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CROI 2016 Select CDC Studies of Interest

February 24, 2016

HIV testing is essential for improving the health of people living with HIV and helping prevent new infections. CDC recommends that all adolescents and adults get tested at least once for HIV as a routine part of medical care, and that gay and bisexual men and others at high risk be tested more frequently. While testing rates have steadily increased, CDC estimates that 1 in 8 Americans living with HIV remain unaware of their infection.

Two CDC studies being presented at CROI 2016 investigate current gaps in routine HIV testing and provide additional insight into what more must be done to increase testing and awareness levels.


Missed Opportunities for HIV Testing During Routine Doctor Visits, BRFSS, 2011-2013

Poster Presentation, Session P-X3--February 24, 2016, 2:45 - 4:00pm

Overview: Both CDC and the United States Preventive Services Task Force advise clinicians to screen for HIV among all adolescents and adults, regardless of their risk. This study looks at adults (18-64) who had a routine doctor visit in the previous year but have never been tested for HIV to examine regional variation and individual characteristics associated with missed opportunities for HIV screening.

During 2011-2013, nearly 100 million U.S. adults had never been tested for HIV. More than half of these individuals had a routine doctor visit in the past year, which the authors consider a missed opportunity for HIV screening. The percentage of people who missed a testing opportunity in this way increased from 2011 (61.8 percent) to 2013 (63.7 percent).

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For the most recent year, 2013, the study shows that:

  • Women, persons aged 45-64, and non-Hispanic whites accounted for the highest percentage of people with missed opportunities for HIV screening
  • People living in the Eastern and Southern United States had higher rates than those living in other regions of the country of having recently missed an opportunity for HIV screening
  • People with health insurance coverage accounted for the highest percent of people with missed opportunities for HIV screening (88.6 percent).

This analysis draws attention to current gaps in routine HIV testing and the need for all providers and local health authorities -- especially those in areas with a high prevalence of undiagnosed HIV -- to increase routine HIV screening rates.


Setting a Benchmark for HIV Testing at Visits to U.S. Physician Offices by men aged 18-39 years

Poster Presentation, Session P-X3--February 24, 2016, 2:45 - 4:00pm

Overview: Recent changes in health insurance coverage have increased the number of people who can receive free HIV testing during routine doctor visits. This analysis estimates how frequently HIV tests are administered during regular doctor visits and outpatient visits for men, based on data from the 2009-2012 National Ambulatory Medical Care Survey. It sets a benchmark for future progress toward meeting routine HIV testing recommendations.

The findings highlight how infrequently adult men are tested for HIV during outpatient physician appointments in the United States:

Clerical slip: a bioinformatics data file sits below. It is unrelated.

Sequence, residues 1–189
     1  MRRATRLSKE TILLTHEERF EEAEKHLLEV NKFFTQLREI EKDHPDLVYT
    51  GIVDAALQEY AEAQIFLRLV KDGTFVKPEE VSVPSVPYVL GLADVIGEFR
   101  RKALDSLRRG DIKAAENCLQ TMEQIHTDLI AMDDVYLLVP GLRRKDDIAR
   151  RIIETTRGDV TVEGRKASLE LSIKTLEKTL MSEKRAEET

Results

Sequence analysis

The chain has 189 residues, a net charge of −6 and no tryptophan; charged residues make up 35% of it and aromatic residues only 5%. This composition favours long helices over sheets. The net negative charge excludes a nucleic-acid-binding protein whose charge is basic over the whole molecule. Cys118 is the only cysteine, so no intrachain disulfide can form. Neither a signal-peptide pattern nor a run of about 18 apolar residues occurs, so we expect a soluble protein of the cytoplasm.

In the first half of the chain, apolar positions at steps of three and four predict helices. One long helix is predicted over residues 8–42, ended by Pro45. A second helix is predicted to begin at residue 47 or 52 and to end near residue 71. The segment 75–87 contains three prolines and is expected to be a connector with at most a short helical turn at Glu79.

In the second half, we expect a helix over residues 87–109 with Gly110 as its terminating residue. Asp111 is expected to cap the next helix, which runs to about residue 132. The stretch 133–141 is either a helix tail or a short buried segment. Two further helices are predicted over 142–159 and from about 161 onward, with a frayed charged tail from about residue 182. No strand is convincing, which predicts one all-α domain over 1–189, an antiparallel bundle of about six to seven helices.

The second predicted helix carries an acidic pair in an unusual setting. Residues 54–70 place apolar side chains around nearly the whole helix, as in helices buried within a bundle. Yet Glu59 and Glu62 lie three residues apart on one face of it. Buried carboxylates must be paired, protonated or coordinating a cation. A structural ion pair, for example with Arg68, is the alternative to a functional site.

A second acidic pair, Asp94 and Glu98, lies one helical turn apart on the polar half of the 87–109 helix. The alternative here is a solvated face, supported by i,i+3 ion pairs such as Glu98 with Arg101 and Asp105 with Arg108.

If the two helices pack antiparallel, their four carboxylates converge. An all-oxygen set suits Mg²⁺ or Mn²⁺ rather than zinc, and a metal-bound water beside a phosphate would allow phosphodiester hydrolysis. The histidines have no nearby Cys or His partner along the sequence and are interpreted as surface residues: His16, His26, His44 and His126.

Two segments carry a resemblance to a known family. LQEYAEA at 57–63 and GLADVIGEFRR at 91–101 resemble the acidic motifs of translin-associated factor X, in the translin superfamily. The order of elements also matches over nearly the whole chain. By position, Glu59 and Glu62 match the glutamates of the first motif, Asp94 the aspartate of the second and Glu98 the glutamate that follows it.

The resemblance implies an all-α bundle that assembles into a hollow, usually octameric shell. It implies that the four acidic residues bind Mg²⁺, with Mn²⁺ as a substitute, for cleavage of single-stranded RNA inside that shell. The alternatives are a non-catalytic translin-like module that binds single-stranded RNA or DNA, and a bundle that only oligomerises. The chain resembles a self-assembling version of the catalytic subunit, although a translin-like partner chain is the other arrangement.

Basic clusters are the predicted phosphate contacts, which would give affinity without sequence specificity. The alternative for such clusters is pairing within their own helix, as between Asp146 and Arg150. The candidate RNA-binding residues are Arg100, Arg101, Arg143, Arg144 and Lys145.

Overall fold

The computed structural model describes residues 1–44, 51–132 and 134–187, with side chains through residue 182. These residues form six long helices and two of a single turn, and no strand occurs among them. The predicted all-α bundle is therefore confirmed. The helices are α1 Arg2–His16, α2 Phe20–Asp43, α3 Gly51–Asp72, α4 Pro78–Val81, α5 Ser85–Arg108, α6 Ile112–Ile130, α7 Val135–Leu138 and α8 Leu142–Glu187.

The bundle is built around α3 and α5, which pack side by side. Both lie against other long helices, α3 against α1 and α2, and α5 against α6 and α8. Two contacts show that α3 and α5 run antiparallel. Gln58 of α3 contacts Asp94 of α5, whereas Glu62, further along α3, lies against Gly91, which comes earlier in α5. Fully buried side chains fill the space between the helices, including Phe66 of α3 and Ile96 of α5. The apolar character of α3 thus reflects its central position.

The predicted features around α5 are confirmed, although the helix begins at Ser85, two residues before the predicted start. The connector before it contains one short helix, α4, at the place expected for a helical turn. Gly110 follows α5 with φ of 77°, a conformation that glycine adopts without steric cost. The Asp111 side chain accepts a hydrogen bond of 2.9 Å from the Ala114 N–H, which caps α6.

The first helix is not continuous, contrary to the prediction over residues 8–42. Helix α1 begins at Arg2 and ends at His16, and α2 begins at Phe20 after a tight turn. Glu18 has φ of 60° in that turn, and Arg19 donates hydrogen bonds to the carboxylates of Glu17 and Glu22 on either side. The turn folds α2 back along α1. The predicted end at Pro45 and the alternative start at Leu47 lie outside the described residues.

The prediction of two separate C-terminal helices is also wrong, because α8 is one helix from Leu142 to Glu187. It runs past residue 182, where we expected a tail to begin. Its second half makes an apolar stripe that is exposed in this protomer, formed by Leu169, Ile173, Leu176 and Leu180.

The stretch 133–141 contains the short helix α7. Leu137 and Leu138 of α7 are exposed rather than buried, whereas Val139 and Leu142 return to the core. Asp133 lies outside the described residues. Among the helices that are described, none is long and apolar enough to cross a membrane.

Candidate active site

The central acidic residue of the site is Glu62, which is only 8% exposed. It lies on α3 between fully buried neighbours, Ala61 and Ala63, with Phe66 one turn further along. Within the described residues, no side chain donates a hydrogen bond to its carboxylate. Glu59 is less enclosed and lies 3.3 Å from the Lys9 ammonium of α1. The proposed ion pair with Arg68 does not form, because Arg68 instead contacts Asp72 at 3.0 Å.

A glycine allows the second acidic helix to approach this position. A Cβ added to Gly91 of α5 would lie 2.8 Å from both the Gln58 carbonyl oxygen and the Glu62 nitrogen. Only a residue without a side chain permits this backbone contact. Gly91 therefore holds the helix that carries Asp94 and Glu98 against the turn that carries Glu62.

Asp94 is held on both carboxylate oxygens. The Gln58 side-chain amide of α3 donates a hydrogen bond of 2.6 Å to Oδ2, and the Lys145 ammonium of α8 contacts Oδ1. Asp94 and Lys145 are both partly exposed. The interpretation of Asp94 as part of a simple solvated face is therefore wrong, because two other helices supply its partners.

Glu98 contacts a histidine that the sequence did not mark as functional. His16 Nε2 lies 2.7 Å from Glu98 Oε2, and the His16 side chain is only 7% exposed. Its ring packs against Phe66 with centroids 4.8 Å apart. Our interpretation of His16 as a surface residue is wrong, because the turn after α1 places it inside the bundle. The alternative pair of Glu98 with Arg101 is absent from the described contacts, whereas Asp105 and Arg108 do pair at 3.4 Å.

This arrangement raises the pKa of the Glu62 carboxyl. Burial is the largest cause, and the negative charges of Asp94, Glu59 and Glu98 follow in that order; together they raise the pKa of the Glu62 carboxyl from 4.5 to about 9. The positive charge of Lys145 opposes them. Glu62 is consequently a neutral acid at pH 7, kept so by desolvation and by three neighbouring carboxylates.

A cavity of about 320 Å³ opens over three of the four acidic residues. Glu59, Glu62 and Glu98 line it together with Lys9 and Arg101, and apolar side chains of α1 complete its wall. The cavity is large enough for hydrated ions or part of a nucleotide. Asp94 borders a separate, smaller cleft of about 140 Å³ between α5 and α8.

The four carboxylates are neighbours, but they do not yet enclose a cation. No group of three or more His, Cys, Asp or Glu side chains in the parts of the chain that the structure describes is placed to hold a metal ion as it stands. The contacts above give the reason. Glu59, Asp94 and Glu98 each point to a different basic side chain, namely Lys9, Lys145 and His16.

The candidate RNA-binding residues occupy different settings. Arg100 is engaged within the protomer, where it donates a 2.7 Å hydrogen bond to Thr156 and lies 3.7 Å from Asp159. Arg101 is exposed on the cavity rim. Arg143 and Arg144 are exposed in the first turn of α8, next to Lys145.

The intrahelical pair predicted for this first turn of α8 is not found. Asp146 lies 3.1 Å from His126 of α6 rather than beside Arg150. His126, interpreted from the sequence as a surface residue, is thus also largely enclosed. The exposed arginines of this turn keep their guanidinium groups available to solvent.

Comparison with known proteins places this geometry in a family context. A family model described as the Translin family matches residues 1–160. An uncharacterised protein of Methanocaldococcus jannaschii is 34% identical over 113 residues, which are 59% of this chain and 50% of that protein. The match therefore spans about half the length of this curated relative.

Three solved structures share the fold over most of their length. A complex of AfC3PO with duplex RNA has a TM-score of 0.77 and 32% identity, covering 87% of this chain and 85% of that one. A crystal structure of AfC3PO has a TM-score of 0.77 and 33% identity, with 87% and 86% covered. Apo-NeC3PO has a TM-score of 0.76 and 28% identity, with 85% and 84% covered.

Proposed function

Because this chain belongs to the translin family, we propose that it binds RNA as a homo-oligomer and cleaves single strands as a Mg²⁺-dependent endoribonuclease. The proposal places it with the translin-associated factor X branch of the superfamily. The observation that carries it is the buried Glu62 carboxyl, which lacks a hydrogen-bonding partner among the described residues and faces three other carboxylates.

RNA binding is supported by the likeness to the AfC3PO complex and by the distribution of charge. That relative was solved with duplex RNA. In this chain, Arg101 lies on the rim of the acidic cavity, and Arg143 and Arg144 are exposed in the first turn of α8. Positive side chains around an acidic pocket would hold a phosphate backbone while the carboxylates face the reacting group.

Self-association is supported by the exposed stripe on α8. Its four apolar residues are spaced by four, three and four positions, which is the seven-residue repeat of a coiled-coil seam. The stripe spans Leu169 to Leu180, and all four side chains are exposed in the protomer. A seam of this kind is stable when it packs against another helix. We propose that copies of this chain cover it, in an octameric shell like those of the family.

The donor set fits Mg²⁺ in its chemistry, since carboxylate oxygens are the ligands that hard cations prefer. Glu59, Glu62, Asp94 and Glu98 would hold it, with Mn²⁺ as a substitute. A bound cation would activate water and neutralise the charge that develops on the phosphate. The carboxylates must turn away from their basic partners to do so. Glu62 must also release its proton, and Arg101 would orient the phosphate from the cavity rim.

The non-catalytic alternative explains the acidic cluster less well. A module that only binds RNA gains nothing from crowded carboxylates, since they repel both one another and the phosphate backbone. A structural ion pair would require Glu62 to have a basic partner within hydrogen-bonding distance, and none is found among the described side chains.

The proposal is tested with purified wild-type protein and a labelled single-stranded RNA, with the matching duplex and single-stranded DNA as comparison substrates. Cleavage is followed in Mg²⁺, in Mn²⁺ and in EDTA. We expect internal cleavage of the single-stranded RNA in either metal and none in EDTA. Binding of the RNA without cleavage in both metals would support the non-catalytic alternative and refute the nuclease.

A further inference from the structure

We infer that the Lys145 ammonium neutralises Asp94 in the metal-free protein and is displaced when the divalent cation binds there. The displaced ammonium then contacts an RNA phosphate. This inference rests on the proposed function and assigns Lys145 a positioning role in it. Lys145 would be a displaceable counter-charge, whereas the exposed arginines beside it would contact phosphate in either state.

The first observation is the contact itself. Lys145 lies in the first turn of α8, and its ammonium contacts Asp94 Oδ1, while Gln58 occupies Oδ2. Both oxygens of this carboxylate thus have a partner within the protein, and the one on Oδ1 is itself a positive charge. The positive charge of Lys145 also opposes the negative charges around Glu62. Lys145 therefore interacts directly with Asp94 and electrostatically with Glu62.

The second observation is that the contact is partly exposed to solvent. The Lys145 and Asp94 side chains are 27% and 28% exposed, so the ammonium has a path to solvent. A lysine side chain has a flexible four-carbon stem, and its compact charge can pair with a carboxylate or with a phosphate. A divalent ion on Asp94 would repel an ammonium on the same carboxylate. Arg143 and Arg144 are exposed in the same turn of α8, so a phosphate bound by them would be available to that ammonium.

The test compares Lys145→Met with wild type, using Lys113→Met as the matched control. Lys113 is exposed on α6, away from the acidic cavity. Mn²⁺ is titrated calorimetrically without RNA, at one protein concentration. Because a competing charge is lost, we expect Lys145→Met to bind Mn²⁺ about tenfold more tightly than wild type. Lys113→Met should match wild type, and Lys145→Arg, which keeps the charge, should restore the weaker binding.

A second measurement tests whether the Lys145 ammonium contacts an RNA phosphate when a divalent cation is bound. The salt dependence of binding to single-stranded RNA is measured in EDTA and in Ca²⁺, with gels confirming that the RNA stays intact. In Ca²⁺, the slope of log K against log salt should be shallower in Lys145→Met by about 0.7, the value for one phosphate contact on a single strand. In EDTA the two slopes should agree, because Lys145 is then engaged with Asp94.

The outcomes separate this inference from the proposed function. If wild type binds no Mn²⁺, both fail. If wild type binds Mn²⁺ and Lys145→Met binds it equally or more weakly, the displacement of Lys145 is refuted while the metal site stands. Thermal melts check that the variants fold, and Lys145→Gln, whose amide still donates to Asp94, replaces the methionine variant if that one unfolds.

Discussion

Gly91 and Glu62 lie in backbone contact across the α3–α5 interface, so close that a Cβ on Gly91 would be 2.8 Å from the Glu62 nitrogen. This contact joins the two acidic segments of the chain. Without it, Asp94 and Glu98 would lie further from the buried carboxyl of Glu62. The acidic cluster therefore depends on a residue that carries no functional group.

• For men aged 18-39, HIV tests were performed during only 1.3 percent of medical encounters (754,280 tests out of 58.4 million annual visits)
    • Among those aged 18-24, HIV testing rates were higher for black men (tested at 2.5 percent of visits) and Latino men (5.1 percent) compared to white men (1.1 percent); however, black and Latino men attended annual check-ups less frequently than their white counterparts (0.61 visits per person among blacks, 0.59 among Latinos, 1.3 among whites);
    • Among those aged 18-24, HIV testing rates were higher for black men (tested at 2.5 percent of visits) and Latino men (5.1 percent) compared to white men (1.1 percent); however, black and Latino men attended annual check-ups less frequently than their white counterparts (0.61 visits per person among blacks, 0.59 among Latinos, 1.3 among whites);

The authors conclude that a four-fold increase in HIV testing at routine doctor visits would help achieve significant increases in testing among all groups -- moving the nation closer to full implementation of CDC's HIV testing recommendation that everyone between the ages of 13 and 64 get tested for HIV at least once as part of routine health care.




This article was provided by U.S. Centers for Disease Control and Prevention. It is a part of the publication The 23rd Conference on Retroviruses and Opportunistic Infections. Visit the CDC's website to find out more about their activities, publications and services.
 


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Please note: Knowledge about HIV changes rapidly. Note the date of this summary's publication, and before treating patients or employing any therapies described in these materials, verify all information independently. If you are a patient, please consult a doctor or other medical professional before acting on any of the information presented in this summary. For a complete listing of our most recent conference coverage, click here.

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